- Students were working in different areas of math, and most of them had to learn something new, and tie it to what they already know in order to explain their problem.
- It is not a natural skill for students to be able to “speak” Math. There is a need to expose and encourage students to use mathematical language to communicate.
- The ability of being able to articulate and make a thinking process visible is a skill we need to support our students in becoming fluent in. It was challenging for students to think about and articulate their learning value instead the production value of their artifact.
- Some students focused in their reflection on documenting the steps of what they did as they were solving the problem, not on the necessary thinking that was involved. Some students don’t/didn’t see the reason why they should be reflecting on their learning in Math.
- It seemed unnatural to ask students to write a reflective blog post tagged on the end. It seems artificial and one more thing to do as an add-on, versus reflection as part of the learning process. Option of breaking the reflection process into different blog posts along the way, which later on can be linked to each other to demonstrate the process path.
- When students are given a lot of freedom to demonstrate their understanding, a lot of them need structure and some clear guidelines or else the product does not turn out very well. This may improve with practice and more opportunities for them to work independently.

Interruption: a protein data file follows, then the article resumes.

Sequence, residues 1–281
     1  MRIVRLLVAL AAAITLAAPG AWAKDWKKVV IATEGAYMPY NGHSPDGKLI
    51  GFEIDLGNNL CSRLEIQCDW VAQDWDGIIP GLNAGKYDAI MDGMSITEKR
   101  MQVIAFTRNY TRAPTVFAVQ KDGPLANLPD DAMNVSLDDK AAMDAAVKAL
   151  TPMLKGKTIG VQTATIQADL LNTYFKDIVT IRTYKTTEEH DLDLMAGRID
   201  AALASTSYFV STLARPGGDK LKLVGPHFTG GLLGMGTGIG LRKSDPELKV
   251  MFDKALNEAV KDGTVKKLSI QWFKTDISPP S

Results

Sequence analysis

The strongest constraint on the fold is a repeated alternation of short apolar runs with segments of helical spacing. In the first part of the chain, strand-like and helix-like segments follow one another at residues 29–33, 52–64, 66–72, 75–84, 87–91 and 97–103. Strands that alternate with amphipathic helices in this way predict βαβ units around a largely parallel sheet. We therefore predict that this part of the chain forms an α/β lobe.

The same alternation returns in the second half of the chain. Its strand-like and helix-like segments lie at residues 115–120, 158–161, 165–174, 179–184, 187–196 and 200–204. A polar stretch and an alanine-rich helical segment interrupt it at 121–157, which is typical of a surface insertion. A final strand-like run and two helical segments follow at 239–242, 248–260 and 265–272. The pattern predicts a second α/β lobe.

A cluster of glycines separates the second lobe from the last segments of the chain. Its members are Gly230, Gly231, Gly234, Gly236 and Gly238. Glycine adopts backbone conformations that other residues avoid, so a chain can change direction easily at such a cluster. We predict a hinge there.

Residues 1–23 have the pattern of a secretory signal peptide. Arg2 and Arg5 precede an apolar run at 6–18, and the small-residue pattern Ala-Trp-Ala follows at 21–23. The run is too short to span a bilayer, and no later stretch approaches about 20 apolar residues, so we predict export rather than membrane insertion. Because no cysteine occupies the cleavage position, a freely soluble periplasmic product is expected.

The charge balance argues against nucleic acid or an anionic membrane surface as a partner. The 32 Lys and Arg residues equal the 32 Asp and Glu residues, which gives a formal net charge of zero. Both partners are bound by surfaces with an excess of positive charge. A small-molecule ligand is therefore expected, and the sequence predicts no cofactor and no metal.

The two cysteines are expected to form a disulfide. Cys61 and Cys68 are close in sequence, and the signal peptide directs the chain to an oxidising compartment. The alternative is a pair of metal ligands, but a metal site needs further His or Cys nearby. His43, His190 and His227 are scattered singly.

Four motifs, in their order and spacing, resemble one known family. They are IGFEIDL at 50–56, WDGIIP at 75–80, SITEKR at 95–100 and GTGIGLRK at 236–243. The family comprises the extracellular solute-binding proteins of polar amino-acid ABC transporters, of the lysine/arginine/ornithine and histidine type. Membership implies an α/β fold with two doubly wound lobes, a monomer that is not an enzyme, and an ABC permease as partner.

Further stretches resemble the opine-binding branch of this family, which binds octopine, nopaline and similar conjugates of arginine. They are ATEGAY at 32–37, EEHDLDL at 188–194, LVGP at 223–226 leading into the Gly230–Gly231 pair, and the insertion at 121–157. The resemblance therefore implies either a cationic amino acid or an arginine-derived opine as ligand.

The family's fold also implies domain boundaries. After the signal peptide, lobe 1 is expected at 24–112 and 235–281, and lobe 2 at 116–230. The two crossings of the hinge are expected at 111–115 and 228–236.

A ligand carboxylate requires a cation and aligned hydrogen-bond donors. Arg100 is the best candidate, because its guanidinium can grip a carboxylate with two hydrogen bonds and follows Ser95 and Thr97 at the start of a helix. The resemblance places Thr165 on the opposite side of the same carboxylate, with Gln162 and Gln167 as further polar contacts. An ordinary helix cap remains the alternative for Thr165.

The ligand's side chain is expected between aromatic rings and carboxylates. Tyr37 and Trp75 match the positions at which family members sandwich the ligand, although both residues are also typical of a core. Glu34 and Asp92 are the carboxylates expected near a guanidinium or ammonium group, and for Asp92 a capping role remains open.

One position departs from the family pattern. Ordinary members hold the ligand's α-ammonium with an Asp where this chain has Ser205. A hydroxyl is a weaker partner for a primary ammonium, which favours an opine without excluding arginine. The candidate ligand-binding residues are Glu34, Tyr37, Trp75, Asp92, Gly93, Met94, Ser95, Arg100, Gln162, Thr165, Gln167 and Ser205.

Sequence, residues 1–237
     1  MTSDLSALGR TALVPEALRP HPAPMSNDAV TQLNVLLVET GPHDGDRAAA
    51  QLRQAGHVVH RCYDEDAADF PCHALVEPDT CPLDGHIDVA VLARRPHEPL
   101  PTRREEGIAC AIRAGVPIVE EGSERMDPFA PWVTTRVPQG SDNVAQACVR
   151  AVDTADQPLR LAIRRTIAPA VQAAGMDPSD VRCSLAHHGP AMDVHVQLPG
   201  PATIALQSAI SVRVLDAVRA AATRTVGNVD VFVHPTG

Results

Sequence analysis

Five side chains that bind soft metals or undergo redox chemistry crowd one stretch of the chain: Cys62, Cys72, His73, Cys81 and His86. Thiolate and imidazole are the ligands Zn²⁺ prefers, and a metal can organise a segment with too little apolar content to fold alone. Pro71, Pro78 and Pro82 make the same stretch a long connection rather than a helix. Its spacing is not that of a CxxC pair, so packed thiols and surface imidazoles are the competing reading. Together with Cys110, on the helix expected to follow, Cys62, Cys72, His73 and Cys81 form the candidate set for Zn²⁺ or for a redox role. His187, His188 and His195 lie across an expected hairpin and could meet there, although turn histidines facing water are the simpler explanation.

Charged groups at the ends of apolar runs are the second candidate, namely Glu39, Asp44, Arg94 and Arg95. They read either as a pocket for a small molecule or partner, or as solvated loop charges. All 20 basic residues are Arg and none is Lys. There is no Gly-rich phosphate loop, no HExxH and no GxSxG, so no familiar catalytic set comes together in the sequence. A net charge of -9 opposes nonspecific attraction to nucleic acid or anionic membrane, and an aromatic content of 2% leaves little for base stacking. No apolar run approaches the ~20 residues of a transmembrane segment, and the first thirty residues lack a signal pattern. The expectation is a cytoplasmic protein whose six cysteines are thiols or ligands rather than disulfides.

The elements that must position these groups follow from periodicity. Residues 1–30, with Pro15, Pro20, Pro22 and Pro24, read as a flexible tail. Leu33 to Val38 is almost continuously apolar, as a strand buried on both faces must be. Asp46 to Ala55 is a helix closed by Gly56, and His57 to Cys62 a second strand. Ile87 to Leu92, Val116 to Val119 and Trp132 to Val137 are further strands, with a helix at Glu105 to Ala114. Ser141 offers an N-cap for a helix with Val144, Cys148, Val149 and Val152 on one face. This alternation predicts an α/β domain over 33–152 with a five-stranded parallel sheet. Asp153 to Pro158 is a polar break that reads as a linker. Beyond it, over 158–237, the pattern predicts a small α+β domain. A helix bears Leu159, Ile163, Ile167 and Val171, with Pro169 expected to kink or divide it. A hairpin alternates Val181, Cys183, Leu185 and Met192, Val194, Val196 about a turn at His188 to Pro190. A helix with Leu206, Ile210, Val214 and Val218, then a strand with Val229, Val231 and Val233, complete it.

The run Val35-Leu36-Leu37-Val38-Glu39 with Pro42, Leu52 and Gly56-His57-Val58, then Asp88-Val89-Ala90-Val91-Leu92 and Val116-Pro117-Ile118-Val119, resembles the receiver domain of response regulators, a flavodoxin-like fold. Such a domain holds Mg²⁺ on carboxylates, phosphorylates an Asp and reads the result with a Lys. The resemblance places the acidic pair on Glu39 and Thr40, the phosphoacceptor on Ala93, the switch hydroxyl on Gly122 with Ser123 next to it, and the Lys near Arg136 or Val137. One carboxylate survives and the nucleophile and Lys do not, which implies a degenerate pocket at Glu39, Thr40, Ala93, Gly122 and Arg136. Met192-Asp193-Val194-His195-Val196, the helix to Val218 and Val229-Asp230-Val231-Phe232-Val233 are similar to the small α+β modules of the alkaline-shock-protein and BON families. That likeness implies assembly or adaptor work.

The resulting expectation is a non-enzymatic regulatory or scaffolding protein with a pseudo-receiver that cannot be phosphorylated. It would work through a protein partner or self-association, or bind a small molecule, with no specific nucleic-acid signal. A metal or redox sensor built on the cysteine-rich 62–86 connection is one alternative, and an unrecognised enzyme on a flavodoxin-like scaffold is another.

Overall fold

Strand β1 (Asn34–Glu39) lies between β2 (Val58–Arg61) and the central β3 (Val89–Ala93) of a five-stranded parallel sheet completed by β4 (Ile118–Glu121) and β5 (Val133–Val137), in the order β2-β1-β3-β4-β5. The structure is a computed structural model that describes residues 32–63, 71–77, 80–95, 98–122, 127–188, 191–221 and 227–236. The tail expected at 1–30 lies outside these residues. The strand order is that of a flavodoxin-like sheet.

- Many students didn’t fully follow the KWHL routine, and only posted an explanation to their problem. In some cases the explanations were wrong. In many cases, they didn’t actually post the KWHL page, and so they lost sight of “the point”. Maybe because this was a new process, a lot of students produced “the bare minimum “. Generally speaking, students who are conscientious and engaged did well and produced meaningful blog posts. If they did the KWHL process correctly, they documented what they didn’t know before they began researching their problem, and then demonstrated what they learned in the process.
- There is a sense among many students that this is actually ‘more work’ than just taking a test, and therefore it is harder.
These observations are helping us continue to strive for meaningful activities and strategies that support student learning. I am often reminded of Vicki Davis’ blog post, Fail Foward, Move Foward. The word “fail” has a connotation in education, that has to change, along the paradigm shift of how we learn best and differently. In the spirit of Failure is Mandatory in the Culture of Innovation, we are celebrating these “failures” and seeing them as challenges to continue to talk, think, rethink, repeat, throw out, tweak and re-imagine…
I am excited to see how we will continue to make thinking visible in Math and help students write /blog about their thinking strategies in order to become fluent in the language of Math. A big thank you goes out to Adam for learning along side!
Stay tuned for Part 2 in Visible Thinking in Math…